Conductive electrodes 53 and 57 are also provided for applying a biasing voltage across the chamber 54. In FIG. 3, transparent conductive electrodes 53 and 57 are placed directly on the exterior faces 51, 55 of the two glass substrates 52, 56, respectively. Alternatively, the transparent electrodes 53 and 57 may be embedded into the plates, as shown in FIGS. 4 and 5. It is an important feature of the present invention that the electrodes are positioned parallel to one another in order to create uniform electric fields therebetween. That is, due to the biasing voltage applied to the electrodes 53, 57 by voltage source 58, electrodes 53 and 57 generate uniform electric fields across the chamber 54 to induce reorientation of the molecules in the chamber 54 and thereby control the refractive index thereof. While it may be possible to place the liquid crystal material between two glass plates that are angularly positioned with respect to one another, the parallel configuration of the electrodes described by the present invention provides the capability to maintain a uniform electric field between the electrodes 53, 57 when a biasing voltage is applied thereto. This uniform electric field provides means for creating a uniformly refractive index within the chamber 54. A typical liquid crystal cell of the type described herein should have a maximum thickness of less than 300 micrometers. For the purposes of the present invention, a liquid crystal chamber having a maximum thickness of approximately 50 micrometers over a 1 mm aperture was utilized to provide a wedge angle of 0.05 radians.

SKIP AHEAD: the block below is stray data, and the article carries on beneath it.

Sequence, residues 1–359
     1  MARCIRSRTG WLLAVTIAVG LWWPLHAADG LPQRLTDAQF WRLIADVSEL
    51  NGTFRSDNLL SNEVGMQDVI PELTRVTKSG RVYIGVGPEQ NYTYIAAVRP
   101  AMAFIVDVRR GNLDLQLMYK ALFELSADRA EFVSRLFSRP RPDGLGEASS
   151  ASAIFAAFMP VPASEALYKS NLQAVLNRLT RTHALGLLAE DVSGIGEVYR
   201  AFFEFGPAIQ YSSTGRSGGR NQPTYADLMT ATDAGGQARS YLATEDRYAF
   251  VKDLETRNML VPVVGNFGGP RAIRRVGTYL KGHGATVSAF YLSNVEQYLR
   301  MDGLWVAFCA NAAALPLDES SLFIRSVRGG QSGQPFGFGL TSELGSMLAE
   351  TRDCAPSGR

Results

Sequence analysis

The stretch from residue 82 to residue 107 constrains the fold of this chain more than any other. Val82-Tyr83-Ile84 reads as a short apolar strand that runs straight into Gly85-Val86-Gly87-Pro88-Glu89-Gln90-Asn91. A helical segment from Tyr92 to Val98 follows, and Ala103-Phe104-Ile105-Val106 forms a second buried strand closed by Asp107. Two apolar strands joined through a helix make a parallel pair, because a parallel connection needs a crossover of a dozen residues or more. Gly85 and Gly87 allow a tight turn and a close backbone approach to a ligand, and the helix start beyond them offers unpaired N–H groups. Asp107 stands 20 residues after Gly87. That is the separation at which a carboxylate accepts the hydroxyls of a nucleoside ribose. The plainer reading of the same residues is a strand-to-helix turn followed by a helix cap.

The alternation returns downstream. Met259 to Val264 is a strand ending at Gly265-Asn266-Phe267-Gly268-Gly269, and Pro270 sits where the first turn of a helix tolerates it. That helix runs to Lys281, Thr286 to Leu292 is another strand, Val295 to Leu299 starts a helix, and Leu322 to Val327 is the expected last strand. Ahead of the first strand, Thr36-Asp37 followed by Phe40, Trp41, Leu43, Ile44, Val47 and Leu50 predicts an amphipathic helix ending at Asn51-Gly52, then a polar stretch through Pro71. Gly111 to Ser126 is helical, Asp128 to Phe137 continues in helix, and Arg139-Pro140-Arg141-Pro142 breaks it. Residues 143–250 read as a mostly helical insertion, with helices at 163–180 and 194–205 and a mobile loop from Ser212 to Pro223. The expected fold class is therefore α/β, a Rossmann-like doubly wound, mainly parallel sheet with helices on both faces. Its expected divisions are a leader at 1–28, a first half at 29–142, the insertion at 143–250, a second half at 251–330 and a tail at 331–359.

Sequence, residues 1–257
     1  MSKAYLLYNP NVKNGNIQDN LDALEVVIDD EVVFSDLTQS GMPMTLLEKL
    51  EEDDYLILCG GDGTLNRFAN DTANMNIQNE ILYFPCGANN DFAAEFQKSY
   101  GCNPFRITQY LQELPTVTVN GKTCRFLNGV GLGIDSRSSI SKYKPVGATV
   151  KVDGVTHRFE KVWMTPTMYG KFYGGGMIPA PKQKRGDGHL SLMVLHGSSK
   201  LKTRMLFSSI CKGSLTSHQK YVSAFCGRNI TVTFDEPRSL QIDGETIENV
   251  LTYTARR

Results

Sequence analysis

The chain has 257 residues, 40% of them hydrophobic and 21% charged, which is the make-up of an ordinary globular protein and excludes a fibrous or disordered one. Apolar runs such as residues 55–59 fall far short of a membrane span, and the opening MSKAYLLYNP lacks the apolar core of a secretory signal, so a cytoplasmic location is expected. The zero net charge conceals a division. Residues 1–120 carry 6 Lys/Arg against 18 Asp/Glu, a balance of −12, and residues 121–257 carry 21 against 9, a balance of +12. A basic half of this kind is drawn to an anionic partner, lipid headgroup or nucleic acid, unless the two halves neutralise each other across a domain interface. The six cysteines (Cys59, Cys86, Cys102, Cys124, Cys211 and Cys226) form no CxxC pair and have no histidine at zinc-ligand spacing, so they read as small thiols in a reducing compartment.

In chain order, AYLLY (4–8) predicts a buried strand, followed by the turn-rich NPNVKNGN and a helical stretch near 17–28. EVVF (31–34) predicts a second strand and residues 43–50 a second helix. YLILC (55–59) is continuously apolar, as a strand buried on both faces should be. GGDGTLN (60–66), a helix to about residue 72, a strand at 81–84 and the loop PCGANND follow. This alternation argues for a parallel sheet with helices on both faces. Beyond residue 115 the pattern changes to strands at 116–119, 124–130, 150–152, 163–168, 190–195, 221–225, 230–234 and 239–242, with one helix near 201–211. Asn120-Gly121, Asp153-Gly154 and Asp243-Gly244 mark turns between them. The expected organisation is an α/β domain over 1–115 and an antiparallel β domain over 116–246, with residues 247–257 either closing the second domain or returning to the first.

The qualitative aspects of the electro-optic effect provided by the optical element of the present invention can be explained by a simple application of Snell's Law:
N.sub.i sin θ=N.sub.i ' sin θ.sub.i '
In the present analysis, Snell's Law must be applied four times at the air/glass interface along exterior face 51, at the glass/liquid crystal interface between plate 52 and chamber 54, at the liquid crystal/glass interface between chamber 54 and plate 56, and the glass/air interface along exterior face 55 in order to determine the aggregate angle of refraction for light rays passing through the optical element 50. For simplicity, it is assumed that the material making up the dielectric region has a refractive index similar to the glass substrate. However, it will be recognized by those of skill in the art that the dielectric region 56a may be composed of a material having a unique refractive index independent of that of the substrate making up the plates of the optical element 50.
It will be appreciated that calculations based on Snell's Law will yield an output angle as a function of the input angle and the refractive index of the flat plate material as well as the variable refraction in the liquid crystal cell. In a typical application, the angular range covered by varying the voltage applied to the liquid crystal cell is in the range of 1 to 1.5 degrees. This angular range can be increased substantially for larger angles of incidence. Likewise, smaller angular ranges can be provided by reducing the wedge dimensions and/or by reducing the refractive index change attainable with the liquid crystal material.